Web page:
If you’ve been following my blog since the beginning, then you know that about six or seven weeks after I launched it, I started the Autoimmune Protocol (AIP) to work on healing symptoms of my autoimmune disease, Hashimoto’s thyroiditis. I wrote about my experience starting out on the AIP here and here, if you’re interested in revisiting my experiences making the transition to the AIP. Today, however, I’m planning to share the beginning of my experiences in reintroducing all of the foods I’ve eliminated from my diet since early April.
As I’ve written about in the past, I used Angie Alt’s SAD to AIP in SIX program to transition to the AIP over a period of six weeks. I started on the full AIP on April 6th, and then I maintained it for about six-and-a-half months. I’d hoped to start reintroductions sooner, but we flew across the country in both September and October, so those couple of months really weren’t an ideal time to begin them. Between stress from travel and an inability to have 100% control over food choices, I decided to just stick to the AIP (and to pack all of my own food to avoid eliminated foods as much as possible). I’d wanted to start reintroductions by that point so that I wouldn’t be quite so limited for my boyfriend’s birthday (late October–last Sunday, actually) and then my own birthday (late November). But, life gets in the way sometimes, and you do what you can.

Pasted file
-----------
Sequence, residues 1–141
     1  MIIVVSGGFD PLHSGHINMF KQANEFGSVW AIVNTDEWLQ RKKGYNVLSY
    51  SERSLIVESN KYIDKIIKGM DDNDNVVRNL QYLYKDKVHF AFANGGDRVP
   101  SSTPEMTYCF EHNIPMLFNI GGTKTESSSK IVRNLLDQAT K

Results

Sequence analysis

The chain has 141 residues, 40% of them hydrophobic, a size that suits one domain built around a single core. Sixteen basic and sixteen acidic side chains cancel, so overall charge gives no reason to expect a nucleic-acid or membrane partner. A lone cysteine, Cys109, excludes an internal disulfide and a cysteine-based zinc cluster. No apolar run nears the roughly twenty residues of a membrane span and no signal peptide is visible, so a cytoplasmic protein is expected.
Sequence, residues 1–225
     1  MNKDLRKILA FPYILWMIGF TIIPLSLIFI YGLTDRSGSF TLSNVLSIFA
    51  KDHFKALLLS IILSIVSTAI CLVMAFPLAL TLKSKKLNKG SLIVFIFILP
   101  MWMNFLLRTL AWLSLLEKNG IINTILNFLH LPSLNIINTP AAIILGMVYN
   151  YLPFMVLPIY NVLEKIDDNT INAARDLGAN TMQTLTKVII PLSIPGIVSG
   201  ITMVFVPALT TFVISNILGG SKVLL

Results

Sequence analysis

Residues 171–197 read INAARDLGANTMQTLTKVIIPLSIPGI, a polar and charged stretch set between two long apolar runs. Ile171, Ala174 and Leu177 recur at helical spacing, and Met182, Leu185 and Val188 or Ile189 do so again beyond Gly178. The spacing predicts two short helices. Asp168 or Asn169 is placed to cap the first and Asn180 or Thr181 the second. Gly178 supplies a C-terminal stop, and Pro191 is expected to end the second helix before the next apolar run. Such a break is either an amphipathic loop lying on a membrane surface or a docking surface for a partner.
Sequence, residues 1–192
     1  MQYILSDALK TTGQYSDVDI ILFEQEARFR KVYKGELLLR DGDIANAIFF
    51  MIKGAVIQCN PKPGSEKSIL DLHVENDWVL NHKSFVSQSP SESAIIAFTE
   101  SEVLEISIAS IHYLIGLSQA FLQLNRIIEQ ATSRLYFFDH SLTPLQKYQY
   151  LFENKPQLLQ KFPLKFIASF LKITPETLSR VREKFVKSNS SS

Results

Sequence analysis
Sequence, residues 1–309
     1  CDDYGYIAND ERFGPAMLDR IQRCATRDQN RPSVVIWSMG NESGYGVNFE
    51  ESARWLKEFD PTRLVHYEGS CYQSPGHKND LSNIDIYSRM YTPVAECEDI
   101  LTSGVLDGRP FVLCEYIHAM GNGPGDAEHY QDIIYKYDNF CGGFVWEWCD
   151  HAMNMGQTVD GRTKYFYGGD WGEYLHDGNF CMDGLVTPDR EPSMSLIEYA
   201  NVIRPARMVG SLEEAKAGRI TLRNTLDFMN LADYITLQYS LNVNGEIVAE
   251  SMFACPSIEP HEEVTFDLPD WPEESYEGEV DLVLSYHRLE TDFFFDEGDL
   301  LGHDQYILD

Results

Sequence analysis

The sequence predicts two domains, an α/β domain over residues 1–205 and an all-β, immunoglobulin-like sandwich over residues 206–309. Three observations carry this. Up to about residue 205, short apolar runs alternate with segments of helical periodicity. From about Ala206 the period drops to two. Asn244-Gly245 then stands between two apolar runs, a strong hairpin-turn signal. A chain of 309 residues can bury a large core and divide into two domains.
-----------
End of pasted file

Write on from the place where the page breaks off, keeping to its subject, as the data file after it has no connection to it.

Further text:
How I Planned
So, as of right now, I just finished my third week of reintroductions. I began the first reintroduction two days after we returned from our last trip. There are lots of resources out there to help people complete their reintroductions in a structured way, and I’ve decided to follow The Paleo Mom’s guidelines (read about those here and here). When I had a slow day at work one day, I decided to take some time to read up on the information in that second link in particular, and I created my own guide for reintroductions. I stayed true to Sarah’s recommendations of starting with the foods that are least likely to cause issues, and I went from there up to those most likely to cause issues. Within each stage, though, I prioritized the food I missed most to reintroduce first. 🙂
I have a feeling that some of you might be interested, so here is what my list looked like when I first wrote it:
- Black pepper
- Egg yolk
- Grass-fed butter
- Bell peppers
- White potatoes
- Egg whites
I gave myself approximately 5-6 days for each reintroduction. The first three days, I planned to eat a small amount of the reintroduced food with at least two meals per day, monitoring for reactions. Then, I decided to give myself a couple of days for any delayed reactions to show up. If all went well, then I’d proceed on with the next reintroduction. I also focused on foods I actually used to consume on a regular basis, which is why a lot of things aren’t on there (such as hot peppers or eggplant).
Things have gone well so far, but I haven’t quite been able to stick to that schedule.
How Things Are Going
My first reintroduction was ghee. All went well with that, and I noticed no negative reactions. I did develop a strange tingling sensation in the pinky and ring fingers of my left hand, which mostly persisted for a few days before finally tapering off intermittently. Before I moved onto the next reintroduction, I contacted my chiropractor, who was quite sure the tingling was caused by a nerve issue in my upper back and not at all related to the ghee. I went in for an adjustment, and I proceeded onward with black pepper the next day.